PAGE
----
So good job Weezer. re: your co-option of internet culture, I can honestly say: ur doin it rite.


ROFLCon: a new kind of nerdvana

Posted in internet subcultures, nerds do some crazy stuff at 6:08 pm by rachel

I’ve been meaning to post some thoughts about ROFLCon for a few weeks now. At first I was catching up on sleep, then on homework (it’s cool mom and dad, I’m actually gonna graduate on time), and then I just slacked off. But now Diana Kimball, in her infinite wisdom, has handed the ROFLTeam a hard deadline for posting our postmortems. And that deadline is, um, now. So now I’m on it.

As Diana and many others have mentioned, most attendees probably weren’t sure what they were signing up for. Namely, they weren’t sure if it was going to be “a conference/convention about internet memes and web celebrity” or “a totally unmitigated shitshow ‘planned’ by a bunch of twenty year olds who are totally unprepared to deal with a physical manifestation of the internet.”

Before the keynote: Tim, me, abject terror. photo: kdreke
Before the keynote: Tim, me, abject terror. photo: kdreke

We were pretty sure it was going to be the latter. I spent a lot of time during the event on “security planning,” which mostly meant pouring over MIT floorplans with other ROFLStaff trying to remember everything I’d ever learned from action movies. EPIC (fail? unclear).

The one possibility I never seriously considered was that the first ever ROFLCon would be entirely disaster-free.

And not only was it not a critical fail, it was actually very “edutaining”. I think we succeeded in straddling (and ridin’! sorry nm) that line between academic discourse and omgthatsrandallmunroecanitouchhim. ROFLCon was nerdy in the academic way and nerdy in the fanboy way.

// Warning: I’m going to talk about feelings now, like the mushy psychology major I am. Please bear with me.

Many of the attendees felt a strong sense of community, and felt it almost immediately. I think this was at least partially due to the combo scholarly/funfest vibe. We nerds who love internet culture and also yearn to study it, WE FOUND OUR PEOPLE. All us webtards who spend so much time interfacing with computers actually had a great time interfacing with each other (that’s what she said). And even attendees who are snarky assholes online (and I mean come on, who isn’t?) got OOC and found some kind words. At one point I twittered that I was in nerdvana. I was drunk, but it was true. I’ve been at many gatherings of geeks, and this was the first one where everything just clicked for me. These are my people.

// Ok, feelings are over now. On to Serious Business:

My personal agenda/wishlist for next time (if there is a next time (and I’ll do my best to make sure there is a next time)):

  • Gender in relation to internet culture. People were itching to talk about it, but we weren’t ready. Next time, though, you can bring it. My geeky feminist thoughts, let me show you them.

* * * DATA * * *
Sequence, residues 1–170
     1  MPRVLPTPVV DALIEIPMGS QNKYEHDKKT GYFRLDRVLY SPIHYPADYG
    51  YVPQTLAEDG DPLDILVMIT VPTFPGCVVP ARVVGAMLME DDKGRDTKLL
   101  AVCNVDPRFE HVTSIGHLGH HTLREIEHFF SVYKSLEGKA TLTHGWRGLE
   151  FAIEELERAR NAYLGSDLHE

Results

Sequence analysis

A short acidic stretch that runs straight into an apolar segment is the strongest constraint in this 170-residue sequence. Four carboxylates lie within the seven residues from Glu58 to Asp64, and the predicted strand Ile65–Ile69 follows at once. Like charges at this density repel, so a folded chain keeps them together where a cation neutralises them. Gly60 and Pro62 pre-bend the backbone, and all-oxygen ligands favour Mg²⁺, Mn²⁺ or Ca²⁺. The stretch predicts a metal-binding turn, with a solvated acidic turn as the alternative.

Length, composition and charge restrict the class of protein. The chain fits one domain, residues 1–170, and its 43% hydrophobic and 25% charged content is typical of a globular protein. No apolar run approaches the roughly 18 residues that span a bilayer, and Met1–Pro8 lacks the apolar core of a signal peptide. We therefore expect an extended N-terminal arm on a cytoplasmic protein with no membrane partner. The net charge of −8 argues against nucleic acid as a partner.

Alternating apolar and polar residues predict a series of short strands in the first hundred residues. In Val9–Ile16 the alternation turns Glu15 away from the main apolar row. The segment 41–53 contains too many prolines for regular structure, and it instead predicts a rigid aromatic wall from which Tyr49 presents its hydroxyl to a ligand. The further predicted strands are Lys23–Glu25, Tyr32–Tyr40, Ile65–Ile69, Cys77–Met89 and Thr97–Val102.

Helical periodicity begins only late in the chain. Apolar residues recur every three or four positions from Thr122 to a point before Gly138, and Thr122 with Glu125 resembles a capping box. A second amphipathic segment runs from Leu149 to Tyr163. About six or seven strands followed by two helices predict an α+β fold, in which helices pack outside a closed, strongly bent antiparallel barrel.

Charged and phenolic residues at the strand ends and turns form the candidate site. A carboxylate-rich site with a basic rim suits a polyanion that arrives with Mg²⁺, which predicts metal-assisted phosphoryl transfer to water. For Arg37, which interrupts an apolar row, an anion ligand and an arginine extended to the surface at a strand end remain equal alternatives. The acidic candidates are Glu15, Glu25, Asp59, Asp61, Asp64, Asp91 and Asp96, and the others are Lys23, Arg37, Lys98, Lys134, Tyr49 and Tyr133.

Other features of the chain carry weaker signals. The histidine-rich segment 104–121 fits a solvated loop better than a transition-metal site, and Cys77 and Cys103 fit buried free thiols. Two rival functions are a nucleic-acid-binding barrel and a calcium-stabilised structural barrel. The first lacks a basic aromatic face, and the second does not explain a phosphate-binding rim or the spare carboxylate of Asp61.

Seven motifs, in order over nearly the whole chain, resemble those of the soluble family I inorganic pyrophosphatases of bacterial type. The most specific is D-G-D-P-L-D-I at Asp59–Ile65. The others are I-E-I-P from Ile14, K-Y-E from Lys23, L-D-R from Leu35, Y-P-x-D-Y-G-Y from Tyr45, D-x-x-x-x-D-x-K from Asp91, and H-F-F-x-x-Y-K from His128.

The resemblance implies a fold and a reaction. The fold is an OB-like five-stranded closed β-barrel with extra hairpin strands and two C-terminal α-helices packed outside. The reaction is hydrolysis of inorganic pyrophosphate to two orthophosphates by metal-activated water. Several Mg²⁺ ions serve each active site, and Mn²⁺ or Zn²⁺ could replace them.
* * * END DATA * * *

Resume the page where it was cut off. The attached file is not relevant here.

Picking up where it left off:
• Race and internet culture: this is another thing people wanted to talk about, and that we weren’t ready for. But like the gender thing, this is a topic where it won’t be hard to find us an academic or two to moderate discussion.
  • The word “fag.” Anonymous covered this in their excellent panel about project chanology, but I wasn’t satisfied with how that went down. If I may summarize and paraphrase, they said “it’s part of our culture, we’ve got no problem with queers, and if people can’t adapt to us and our language then they don’t belong on the internet.” Harsh but fair? Fucking dumb? I’d like to hear more.
  • The non-English web: they probably have memes too, guys. Several people pointed out that we could have been more explicit that this was a conference on memes that have taken root in the English-speaking web, and not other areas of interwebs. IMO, this was our bad. Personally, I know jack shit about internet culture that’s not in English. But I would like to learn something about it. Also, the English-speaking web can always use more cracked-out videos in other languages.
  • Moar con. ARG? Costume contest? Meme-imitation talent show? I dunno, but I do know that their will be more con-type events next time, because you can’t desconstruct why we love Japan so much all the damn day.

I wish I had a great pithy sum-up to close with, but my experience of ROFLCon defies that kind of containment… but this is blog post, so I will try: I learned, I lol’d, I partied (kind of hard), and I survived to tell you that I can’t bear the thought that this will never happen again.


House party with all of your favorite 2.0 big players personified as college kids

Posted in internet subcultures, nerds do some crazy stuff at 2:27 pm by rachel

Guests include Facebook, Paypal, Ebay, Wikipedia, Snopes, Digg, Youtube, MySpace, craigslist, and more.

Watch it here: The Internet Party: What Happens When Google’s Parents Leave Town for the Weekend?

(Not to be confused with the party of the internet, which is a part of the all-amazing ROFLCon.)